✦ All of you: if you want to use your tech knowledge for good, 510
    should give you avenues for that.

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  10. Cool? Cool. Thanks!
    This presentation is copyright 2023 by Dorothea Salo.

    It is available under a

    Creative Commons Attribution 4.0

    International license.

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  11. Class logistics

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  12. Ground rules
    ✦ Every one of you is welcome and wanted here. Every
    one of you can succeed here.

    ✦ It’s my job to help that happen. Help me do my job by telling me when I
    can make a di
    erence for you. I am not psychic! I don’t always realize.

    ✦ Grades in this course are not competitive. Everyone can get an A!

    ✦ But it’ll be easier if you support your classmates. So do that.

    ✦ We have widely varying levels of pre-existing tech
    knowledge in this class. I do my best to design the
    class around that, in fact.

    ✦ I will be Very Upset with you if you mess up my careful design work by
    being scornful or dismissive of classmates who didn’t come in with the
    same tech preparation you did. So don’t. Thanks.

    ✦ Some speci
    c things to avoid: “well actually,” “RTFM,” “how could you not
    know that?!” and sexist/racist/ageist/ableist words, phrases, and
    stereotypes (“so easy my grandma could…”) Not in my class, please.

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  13. Foundational expectations
    ✦ You will be here. Physically. In class. Every week. On
    time and ready to work.

    ✦ This course does get taught online-asynchronous (usually spring) — I
    will not be o
    ended if you drop to take the online version.

    ✦ 36% of your grade comes from the “weekly huddles” I start class with,
    week 3 on. There is no makeup for these. Be here or lose points.

    ✦ You will do the readings for each week before you
    come to class.

    ✦ I do use a textbook and another book for this class. The library has the
    textbook as an ebook! The other is readily available used.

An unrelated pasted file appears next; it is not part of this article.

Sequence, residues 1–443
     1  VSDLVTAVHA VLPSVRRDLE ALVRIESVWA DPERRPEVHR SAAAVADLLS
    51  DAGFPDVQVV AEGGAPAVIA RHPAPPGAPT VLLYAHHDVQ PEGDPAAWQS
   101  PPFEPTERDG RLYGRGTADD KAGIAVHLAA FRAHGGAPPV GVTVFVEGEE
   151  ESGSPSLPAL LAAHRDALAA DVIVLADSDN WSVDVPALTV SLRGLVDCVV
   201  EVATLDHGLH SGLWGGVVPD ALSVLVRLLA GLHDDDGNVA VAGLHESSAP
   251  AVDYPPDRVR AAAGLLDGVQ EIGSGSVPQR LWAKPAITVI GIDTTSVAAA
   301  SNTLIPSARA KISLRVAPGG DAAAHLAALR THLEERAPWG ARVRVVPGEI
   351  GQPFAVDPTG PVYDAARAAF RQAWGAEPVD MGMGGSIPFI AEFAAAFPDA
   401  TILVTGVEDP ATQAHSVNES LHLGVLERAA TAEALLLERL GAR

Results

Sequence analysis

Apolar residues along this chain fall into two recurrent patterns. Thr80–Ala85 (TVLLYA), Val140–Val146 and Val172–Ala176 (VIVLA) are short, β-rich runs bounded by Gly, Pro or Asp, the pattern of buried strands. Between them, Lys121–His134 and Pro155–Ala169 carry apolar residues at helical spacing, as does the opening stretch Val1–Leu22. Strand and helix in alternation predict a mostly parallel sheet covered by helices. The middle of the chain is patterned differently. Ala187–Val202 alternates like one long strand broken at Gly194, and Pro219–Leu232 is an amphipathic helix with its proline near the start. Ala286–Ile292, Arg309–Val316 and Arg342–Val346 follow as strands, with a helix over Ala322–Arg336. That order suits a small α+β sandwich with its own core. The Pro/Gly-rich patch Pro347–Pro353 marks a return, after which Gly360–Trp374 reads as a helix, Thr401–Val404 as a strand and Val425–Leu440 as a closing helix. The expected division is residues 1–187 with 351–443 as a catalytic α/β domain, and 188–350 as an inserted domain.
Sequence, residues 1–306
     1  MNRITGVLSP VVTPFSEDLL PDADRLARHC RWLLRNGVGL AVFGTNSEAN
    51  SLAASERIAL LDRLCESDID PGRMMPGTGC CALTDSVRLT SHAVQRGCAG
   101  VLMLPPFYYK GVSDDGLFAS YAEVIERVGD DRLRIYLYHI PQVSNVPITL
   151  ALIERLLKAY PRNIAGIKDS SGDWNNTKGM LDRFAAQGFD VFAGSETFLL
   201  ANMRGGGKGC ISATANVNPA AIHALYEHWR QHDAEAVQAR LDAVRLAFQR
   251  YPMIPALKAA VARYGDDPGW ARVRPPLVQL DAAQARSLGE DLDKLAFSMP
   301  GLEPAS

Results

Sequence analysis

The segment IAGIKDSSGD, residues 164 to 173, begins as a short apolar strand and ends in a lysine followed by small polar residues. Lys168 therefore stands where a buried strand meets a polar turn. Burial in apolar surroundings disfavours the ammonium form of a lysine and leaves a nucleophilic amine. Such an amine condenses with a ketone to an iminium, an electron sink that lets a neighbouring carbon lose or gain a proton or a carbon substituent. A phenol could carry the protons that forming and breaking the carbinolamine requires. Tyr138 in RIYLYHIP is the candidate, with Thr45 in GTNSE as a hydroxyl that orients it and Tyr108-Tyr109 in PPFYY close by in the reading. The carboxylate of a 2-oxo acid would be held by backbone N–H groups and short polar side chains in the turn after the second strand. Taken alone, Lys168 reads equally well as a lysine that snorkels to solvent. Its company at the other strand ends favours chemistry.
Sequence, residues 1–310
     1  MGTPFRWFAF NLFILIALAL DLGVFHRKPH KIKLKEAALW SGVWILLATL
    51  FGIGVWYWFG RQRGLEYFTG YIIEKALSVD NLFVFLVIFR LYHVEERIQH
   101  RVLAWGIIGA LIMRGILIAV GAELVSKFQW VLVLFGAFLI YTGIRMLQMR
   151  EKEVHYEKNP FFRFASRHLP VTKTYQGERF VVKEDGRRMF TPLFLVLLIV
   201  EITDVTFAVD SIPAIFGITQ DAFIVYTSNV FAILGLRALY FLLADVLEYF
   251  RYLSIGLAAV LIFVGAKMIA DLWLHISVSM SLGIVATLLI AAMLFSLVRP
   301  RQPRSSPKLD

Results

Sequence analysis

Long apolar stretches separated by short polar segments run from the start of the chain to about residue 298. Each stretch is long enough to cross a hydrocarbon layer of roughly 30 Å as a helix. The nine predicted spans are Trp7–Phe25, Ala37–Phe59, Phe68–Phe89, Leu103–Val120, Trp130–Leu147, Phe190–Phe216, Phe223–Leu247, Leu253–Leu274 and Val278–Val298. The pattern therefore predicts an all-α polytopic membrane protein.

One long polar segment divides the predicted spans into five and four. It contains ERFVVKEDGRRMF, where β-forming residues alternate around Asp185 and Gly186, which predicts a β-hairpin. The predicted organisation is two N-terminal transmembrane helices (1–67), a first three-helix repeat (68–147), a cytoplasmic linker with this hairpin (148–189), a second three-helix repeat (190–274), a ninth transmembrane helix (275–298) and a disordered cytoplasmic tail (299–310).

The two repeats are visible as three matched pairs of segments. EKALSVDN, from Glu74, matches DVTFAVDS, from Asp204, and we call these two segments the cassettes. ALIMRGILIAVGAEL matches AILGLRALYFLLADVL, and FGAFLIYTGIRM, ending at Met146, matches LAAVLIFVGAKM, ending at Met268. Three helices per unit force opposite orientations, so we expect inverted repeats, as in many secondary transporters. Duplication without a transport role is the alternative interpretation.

✦ A lot of the work of this class will happen right
    here in this classroom! And it won’t be passive!

    ✦ What even is the point of an in-person class otherwise?!

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  14. That said…
    ✦ I super do not love the current COVID numbers.

    ✦ I also had an exposure scare in late August, ugh. I did manage to
    dodge the ’vid. This time.

    ✦ Lots of reasons they’ll get worse, at least during
    the weeks after semester start.

    ✦ Look after yourselves. You’re young (mostly), but this thing’s sneaky
    and its e
    ects can compound over multiple infections.

    ✦ If you’re interested in my stylin’ duckbill n95 masks, let me know.

    ✦ DO NOT come to class contagious, please. Email
    me and we’ll work it out.

    ✦ (If I get sick despite precautions, we’ll survive — I can remote in or
    we can move online.)

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  15. Assignment aids
    ✦ Grammarly: if you must, but its data privacy is
    crap. ChatGPT: not in my class, please.

    ✦ There will be opportunities to work together and
    learn from each other. Infosec is social!

    ✦ I’ll try to remember to point out where collaboration is a good idea. If
    I don’t remember, you can always ask me.

    ✦ That said, please don’t be That Person who
    systematically leeches o
    other students. That
    Person doesn’t learn. Also it’s gross and
    dishonorable. Do better.

    ✦ I can’t always catch That Person. Sometimes I can. When I can, I have
    a lot of discretion under campus misconduct rules.

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  16. Exams
    ✦ There aren’t any. There, that was easy.

    ✦ Yes, this means you can DISREGARD our
    nal-exam slot when
    making travel plans for December. WE HAVE NO FINAL.